Jack initially starts out as a headstrong, defensive, and brazen candidate during his time in OCS, due to failures in developing leadership qualities, and butted heads with his superiors. His time as a rifleman and in Okinawa shaped Kelso's defining character: honorable, courageous, decisive, with a strong sense of loyalty and justice. As an investigator, Kelso developed stereotypical "Private Dick" traits such cunning, quick thinking, a soft spot for women (such as Elsa), and no fear to voice out his thoughts and insult people (Roy Earle being an example).
Jack is described by Biggs as a "quiet man" but someone who "could never walk away from a fight." For example, he pursued the Lou Buchwalter case unable to ignore the possibility of foul play. Although not being a participant in the Coolridge heist, Kelso played a part by protecting those who were involved out of loyalty from Mickey Cohen and the LAPD. Furthermore, his initial relationship with Cole started on bad terms creating their long time rivalry to enmity. From that point Kelso was embittered and resentful of Phelps and his actions, making it difficult for Phelps (who had come to admire Kelso somewhat, referring to him as a "tough customer") to establish an amicable working relationship with him. Despite this, Kelso never saw Phelps as an enemy, and the two eventually settled their past and put aside their differences to work towards a common goal.
Weapons and Skills
Jack carries a Browning Hi-Power Pistol. He is an exceptional marksman and served as a rifleman during the war. He can use a variety of weapons with ease, including shotguns, rifles, machine guns and even a flamethrower.
Jack trained in boxing while in the Marines and is incredibly strong and tough, being able to hold his own against multiple enemies in fist fights.
- Don Carraway - Killed as revenge for earlier beating and kidnapping.
- Garfield Henderson - Killed as revenge for earlier beating and kidnapping.
- Walter Tyler - Killed as revenge for earlier beating and kidnapping.
- Ira Hogeboom - Shot once in the head as an act of mercy.
- "The White Shoe Slaying" (Newspaper)
- His name and character could be derived from Jack W. Kelso, a United States Marine as well, who received the Medal of Honor during the Korean War five years after the end of World War II. Jack W. Kelso was killed in action.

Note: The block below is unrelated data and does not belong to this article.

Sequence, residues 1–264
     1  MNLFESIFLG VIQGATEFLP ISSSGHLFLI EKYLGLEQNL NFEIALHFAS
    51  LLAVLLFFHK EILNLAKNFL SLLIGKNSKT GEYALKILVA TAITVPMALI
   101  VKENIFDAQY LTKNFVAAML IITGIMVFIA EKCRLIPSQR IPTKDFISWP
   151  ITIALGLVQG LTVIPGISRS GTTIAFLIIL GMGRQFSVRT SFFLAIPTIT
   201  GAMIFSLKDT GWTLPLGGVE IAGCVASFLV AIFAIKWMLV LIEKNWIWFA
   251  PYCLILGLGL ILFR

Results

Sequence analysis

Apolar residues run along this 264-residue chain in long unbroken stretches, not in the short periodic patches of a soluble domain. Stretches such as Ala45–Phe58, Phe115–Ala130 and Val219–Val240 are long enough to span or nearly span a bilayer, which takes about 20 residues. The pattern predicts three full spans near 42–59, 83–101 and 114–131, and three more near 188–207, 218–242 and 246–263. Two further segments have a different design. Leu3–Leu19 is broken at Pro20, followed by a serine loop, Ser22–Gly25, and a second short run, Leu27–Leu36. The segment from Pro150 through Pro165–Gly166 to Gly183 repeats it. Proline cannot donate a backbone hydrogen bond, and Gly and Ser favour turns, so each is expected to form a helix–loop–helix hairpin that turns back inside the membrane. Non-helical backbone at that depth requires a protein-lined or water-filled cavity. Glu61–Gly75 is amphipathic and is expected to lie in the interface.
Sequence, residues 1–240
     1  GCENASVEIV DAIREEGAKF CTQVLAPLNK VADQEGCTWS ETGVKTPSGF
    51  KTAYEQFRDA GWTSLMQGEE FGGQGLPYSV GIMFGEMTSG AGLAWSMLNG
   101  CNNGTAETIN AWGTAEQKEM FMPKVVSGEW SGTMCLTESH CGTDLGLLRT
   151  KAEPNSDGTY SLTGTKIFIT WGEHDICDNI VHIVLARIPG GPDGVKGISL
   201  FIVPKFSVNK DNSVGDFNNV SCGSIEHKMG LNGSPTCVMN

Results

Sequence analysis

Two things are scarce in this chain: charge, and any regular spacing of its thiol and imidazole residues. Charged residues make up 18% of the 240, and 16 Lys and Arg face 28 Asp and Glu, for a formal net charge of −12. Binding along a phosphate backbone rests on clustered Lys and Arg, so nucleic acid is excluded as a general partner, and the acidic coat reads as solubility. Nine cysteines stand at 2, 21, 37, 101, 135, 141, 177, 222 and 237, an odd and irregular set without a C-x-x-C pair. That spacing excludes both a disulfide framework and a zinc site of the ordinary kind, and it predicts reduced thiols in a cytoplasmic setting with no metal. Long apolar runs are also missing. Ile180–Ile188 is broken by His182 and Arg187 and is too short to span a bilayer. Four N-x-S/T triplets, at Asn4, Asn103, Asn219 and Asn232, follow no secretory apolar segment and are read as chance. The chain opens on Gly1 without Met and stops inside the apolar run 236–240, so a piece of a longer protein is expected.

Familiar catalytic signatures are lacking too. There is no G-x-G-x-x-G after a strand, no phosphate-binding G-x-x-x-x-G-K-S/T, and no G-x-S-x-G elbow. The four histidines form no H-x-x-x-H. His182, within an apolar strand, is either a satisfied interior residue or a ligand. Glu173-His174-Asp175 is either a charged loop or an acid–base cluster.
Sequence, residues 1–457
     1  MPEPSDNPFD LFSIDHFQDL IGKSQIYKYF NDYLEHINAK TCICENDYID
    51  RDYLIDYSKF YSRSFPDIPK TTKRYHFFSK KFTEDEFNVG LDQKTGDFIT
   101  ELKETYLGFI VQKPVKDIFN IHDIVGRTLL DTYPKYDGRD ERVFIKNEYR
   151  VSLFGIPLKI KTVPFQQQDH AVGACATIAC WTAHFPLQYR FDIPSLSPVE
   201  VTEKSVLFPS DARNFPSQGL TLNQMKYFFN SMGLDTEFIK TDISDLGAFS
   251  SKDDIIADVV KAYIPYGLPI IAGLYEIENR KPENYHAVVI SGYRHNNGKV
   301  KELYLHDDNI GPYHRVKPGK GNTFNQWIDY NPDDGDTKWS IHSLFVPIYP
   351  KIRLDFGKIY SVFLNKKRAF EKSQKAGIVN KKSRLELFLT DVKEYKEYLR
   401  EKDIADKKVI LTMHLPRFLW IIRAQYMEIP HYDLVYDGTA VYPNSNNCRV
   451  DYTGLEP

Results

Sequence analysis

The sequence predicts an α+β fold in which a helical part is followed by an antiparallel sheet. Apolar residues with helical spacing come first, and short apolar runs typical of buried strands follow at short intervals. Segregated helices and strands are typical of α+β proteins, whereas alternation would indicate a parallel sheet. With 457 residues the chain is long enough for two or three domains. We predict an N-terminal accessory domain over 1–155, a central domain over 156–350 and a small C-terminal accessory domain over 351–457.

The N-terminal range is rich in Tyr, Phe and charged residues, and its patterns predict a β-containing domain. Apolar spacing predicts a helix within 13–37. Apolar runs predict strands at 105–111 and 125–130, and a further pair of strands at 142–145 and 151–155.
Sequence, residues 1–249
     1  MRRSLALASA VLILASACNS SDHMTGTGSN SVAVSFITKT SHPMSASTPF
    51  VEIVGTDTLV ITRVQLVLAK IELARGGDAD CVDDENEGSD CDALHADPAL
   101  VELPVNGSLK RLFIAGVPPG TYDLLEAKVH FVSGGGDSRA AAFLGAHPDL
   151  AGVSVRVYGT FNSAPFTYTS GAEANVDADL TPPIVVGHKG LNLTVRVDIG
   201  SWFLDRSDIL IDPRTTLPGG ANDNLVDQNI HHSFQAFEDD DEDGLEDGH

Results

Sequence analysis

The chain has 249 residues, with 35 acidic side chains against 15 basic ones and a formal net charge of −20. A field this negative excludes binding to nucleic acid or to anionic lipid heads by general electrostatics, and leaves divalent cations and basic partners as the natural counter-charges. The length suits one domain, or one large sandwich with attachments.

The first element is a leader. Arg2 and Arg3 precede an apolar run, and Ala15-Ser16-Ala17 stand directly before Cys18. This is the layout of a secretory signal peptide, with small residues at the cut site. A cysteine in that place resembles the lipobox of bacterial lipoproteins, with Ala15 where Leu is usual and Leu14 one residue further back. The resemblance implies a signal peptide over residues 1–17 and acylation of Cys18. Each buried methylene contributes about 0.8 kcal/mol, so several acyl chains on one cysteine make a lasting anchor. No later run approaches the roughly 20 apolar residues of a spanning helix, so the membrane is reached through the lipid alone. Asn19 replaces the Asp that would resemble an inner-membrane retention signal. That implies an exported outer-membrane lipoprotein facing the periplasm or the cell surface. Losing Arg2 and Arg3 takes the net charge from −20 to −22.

- He has two sisters, who both worked in a Bomber factory in L.A. during World War II. They intended to visit Jack while he was at OCS until his liberty was seemingly cancelled by Chisholm for refusing to clean his rifle, despite Lieutenant Taylor saying it wasn't. It could be possible Taylor used his higher authority to change Chisholm's decision. Despite this, it is not explored later on what actually happened.
- Jack was probably a First Sergeant in the USMC during the war. During the "A Different Kind of War" cutscene Jack is called "Sarge" and "Top." In the Marine Corps, First Sergeants may be referred to by the nickname of "Top." In "Manifest Destiny", Phelps tells Earle that Kelso is a "Company Sergeant".
- During L.A. Noire, Jack will work alone most of the time. However, the game offers player the option to drive automatically or not. Unlike Phelps, however, Kelso cannot ask for directions, but will still comment on reckless driving.
- Unlike Cole, Jack cannot change his outfit, therefore he cannot earn an accuracy or damage bonus, nor can he earn a resistance bonus.
- Unlike Phelps, if Kelso picks up something that doesn't pertain to the case, he will simply make no comments about it whatsoever.
- Kelso can use police gamewells, even during the mission House of Sticks when he is still a civilian insurance investigator.
- Even at Phelps' funeral, Kelso still has his facial wounds from "House of Sticks".
- His favorite color seems to be blue, as every article of his clothing has blue in it and even his car is blue.
- Kelso address is apartment four, 1408 North El Centro Avenue, Hollywood.
- His role, especially near the end of the game, makes him very similar to J.J. "Jake" Gittes from the movies Chinatown and The Two Jakes. Both are similarly named private investigators whom uncovered large landing-related schemes set up by rich and powerful figures. Both eventually flirted with their respective female clients, whom had initially requested the inquiry. Both searched Los Angeles's Hall of Records for clues. Both were also severely wounded/beaten by henchmen during the course of their investigations.
Jack owns a Blue 1947 Chevrolet Fleetmaster 2DR, with the license plate number being 4W 02 86. This vehicle is unique, and cannot be found anywhere else in the game.